Lionel Messi's offer to donate a pair of his game-worn cleats to an Egyptian charity has landed the Barcelona and Argentina star in hot water.

In an interview that aired on "Yes, I am famous" on Egyptian TV station MBC Masr last weekend, the 28-year-old offered to put his boots up for auction and donate the proceeds to charity.

What Messi likely failed to realize is that in Arab cultures, shoes can be used as a symbol of disrespect or insult and the charitable gesture garnered heavy criticism.

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Said Hasasin, a parliament member and TV presenter, condemned the action on his evening talk show and even took off his own shoes, offering to donate them in response to Messi's donation.

"Whose shoes do you want to sell, Messi? How much do you think it will get? You don't know that the nail of a baby Egyptian is worth more than your shoes? Keep your shoes to yourself.

"Messi, we Egyptians are 90 million people, who have pride, we have shoes. We don't eat off the money of other peoples' shoes. I would have understood if he donated his Barcelona uniform to the Egyptians, it's accepted. But just the shoes? It's humiliating to all Egyptians and I do not accept this humiliation. Egyptians may not find food, but they have pride. We Egyptians have never been humiliated before during our seven thousand years of civilization."

Azmy Megahed, a spokesperson for Egypt's Football Association, also called in to Hasasin's show to tender his disapproval.

"If he [Messi] intends to humiliate us, then I say he'd better put these shoes on his head and on the heads of the people supporting him ... Give your shoes to your country, Argentina is full of poverty."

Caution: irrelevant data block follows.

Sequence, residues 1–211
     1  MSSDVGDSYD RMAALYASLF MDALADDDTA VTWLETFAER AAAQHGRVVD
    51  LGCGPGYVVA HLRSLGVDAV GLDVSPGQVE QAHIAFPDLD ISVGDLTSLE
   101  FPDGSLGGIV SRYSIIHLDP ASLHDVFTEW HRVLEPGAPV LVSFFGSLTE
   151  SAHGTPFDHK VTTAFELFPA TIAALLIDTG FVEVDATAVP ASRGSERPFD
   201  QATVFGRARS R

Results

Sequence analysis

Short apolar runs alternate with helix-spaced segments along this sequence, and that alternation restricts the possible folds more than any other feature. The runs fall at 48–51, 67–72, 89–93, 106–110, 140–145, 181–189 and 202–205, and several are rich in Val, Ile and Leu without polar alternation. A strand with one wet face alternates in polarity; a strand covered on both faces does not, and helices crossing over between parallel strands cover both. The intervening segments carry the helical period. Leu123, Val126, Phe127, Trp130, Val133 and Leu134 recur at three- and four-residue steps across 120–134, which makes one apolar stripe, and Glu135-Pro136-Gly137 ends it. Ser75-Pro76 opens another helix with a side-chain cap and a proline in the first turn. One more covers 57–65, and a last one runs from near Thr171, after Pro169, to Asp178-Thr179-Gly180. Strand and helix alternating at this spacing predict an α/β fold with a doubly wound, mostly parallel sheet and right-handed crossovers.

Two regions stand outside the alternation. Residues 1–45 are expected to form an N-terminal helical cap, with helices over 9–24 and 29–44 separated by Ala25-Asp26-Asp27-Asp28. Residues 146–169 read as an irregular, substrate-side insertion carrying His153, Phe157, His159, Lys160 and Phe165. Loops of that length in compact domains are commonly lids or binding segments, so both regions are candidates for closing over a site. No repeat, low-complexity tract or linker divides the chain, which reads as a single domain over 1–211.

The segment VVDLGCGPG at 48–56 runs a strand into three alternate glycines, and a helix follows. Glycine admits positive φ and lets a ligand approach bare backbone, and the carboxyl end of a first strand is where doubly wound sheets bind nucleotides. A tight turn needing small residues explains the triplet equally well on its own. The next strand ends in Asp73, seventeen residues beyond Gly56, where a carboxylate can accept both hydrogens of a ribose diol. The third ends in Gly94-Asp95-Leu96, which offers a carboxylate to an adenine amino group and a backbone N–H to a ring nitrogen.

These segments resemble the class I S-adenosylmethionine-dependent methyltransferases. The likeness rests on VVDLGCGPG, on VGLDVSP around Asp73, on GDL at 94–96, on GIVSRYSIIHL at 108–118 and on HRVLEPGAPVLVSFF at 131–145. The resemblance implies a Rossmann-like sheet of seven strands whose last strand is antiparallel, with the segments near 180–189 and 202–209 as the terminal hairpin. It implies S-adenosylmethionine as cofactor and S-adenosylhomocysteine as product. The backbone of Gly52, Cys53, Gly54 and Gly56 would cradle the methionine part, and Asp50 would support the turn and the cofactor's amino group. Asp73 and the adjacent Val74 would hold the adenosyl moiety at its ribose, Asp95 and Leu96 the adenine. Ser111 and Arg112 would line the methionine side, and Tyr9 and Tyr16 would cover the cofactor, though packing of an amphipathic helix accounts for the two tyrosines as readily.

In spite of the backlash, some Egyptians are defending Messi and his intentions.

Mona El-Sharkawy, the MBC Masr reporter who conducted the interview, said that the gesture was misconstrued and denied the fact that the donation was not specifically geared toward Egypt alone.

"This is so false," she told news agency Ahram Online. "It's a trend on our show that we take a souvenir from our guest and put it on auction for charity. I am surprised, I didn't say we will be giving it to charity in Egypt or any other place. I don't know why they said he is presenting it to Egypt. This was never said."

Even ex-Middlesbrough and Egypt forward Mido came to the Argentine's defense on Twitter.

"The most precious thing the writer owns is his pen… and the most precious thing the footballer owns is his shoes."-@midoahm #Messi

— Footybedsheets (@_shireenahmed_) March 29, 2016

H/t Guardian